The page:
Minnesota Senator Wants Third Medical Marijuana Maker to Counter LeafLine Troubles

May 13, 2018 10:19 PM

State Senator Scott Dibble, DFL-Minneapolis, said he would like to see a third company licensed to make and dispense medical marijuana prescriptions.

Dibble authored the legislation that created the state's medical cannabis program. Dibble said following recent financial troubles and a management shake-up at LeafLine Labs has him worried.


"I am just scratching my head a little bit and I am concerned," Dibble said.  "Right now, we have two licensed medical marijuana dispensers, but if LeafLine were to go bankrupt, it would put thousands of their patients in a tight spot."

RELATED: Top Executive out at Medical Marijuana Company

Dibble said those patients could use the other licensed medical marijuana dispensary, Minnesota Medical Solutions, or Minn-Med, but he would like to see more competition to avoid problems like the current situation.

"I think having a third company licensed in Minnesota would provide more competition and improve the quality of the medications," Dibble said.  "And if one company closes for financial, or other reasons, it would be better to have that third company to cover those patients."

LeafLine reported more than $12 million in losses to the Minnesota Department of Health for its first three years of operation, 2015 through 2017.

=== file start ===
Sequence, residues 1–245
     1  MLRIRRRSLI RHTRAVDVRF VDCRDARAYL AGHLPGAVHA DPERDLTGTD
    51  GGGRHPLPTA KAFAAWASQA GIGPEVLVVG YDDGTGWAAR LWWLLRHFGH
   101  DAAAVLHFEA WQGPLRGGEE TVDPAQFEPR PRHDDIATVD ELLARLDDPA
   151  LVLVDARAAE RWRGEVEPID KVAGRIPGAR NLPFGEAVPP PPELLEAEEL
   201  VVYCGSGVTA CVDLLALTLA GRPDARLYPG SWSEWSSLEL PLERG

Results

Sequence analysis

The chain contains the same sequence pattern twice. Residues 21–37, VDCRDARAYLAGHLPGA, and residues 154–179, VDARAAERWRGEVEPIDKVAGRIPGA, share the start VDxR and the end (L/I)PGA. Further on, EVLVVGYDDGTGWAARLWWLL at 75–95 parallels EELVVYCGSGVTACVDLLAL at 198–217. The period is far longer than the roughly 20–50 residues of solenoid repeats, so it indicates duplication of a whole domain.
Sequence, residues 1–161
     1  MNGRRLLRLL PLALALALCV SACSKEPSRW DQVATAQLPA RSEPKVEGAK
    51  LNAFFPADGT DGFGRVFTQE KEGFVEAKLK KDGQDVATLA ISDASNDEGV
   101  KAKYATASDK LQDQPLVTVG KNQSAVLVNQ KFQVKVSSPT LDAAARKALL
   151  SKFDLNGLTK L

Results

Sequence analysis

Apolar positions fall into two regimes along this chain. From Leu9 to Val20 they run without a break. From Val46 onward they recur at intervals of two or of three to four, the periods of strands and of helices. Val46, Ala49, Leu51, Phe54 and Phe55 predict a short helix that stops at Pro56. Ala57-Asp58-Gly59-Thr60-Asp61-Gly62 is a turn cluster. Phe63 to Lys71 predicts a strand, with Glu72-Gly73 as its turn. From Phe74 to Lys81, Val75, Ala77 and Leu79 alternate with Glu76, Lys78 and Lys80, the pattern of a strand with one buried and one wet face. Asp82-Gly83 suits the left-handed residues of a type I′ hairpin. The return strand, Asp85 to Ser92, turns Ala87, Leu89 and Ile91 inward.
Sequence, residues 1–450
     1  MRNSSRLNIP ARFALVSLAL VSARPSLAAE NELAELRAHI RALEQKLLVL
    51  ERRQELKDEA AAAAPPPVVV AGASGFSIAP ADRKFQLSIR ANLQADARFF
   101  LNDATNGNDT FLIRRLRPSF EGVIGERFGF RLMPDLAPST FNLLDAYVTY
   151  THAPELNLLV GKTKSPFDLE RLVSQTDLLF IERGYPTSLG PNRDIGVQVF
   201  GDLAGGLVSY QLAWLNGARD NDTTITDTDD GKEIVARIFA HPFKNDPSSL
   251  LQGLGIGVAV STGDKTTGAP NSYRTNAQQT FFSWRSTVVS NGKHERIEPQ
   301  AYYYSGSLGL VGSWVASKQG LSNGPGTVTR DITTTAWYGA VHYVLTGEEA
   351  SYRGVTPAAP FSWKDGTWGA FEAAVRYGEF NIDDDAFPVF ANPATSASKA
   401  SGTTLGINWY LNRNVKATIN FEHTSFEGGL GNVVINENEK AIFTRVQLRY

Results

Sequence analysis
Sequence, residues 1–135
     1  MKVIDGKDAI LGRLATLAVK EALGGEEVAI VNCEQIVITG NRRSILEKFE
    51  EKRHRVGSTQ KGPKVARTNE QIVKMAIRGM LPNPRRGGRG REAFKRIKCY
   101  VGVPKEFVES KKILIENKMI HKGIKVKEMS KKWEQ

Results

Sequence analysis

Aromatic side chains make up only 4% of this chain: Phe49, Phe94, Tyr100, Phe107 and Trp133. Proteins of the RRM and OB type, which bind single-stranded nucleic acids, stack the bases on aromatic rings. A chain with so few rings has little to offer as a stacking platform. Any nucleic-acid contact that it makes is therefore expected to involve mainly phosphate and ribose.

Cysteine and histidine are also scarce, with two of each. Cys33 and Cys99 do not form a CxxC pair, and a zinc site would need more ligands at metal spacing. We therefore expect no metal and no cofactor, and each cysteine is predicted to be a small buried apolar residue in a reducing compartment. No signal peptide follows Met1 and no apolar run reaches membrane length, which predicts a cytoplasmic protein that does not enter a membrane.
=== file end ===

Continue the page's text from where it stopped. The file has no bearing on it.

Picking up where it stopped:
RELATED: MDH Looking into LeafLine Lab Prescription Delays

Just last week, LeafLine's CEO Dr. Andrew Bachman, announced he was leaving the company. LeafLine's entire board is also being replaced.

Attempts to reach LeafLine for comment have been unsuccessful.

Th Minnesota Department of Health said it is monitoring the situation and will make sure every medical marijuana patient gets the prescriptions they need.

RELATED: Some Medical Marijuana Patients Scramble to Get Prescriptions

Dibble said he is not sure why LeafLine is struggling to make a profit while its counterpart, Minn-Med, turned its first profit in 2017.

"It is hard to know why, because LeafLine's revenues are increasing," Dibble said.  "But obviously, some things are not turning out the way they hoped and we have to take a look at the entire program and a third medical marijuana license might be helpful in the future."

Kellie Casey, a LeafLine client, said her prescriptions from the company have helped treat her PTSD and anxiety symptoms and the uncertainty of LeafLine's future weighs on her mind.

"It is just a lot of anxiety wondering if they are going to be open from one day to the next," Casey said.  "It is something I am worried about because I do not know what my options are and I do not want to start the whole process over again."


Jay Kolls

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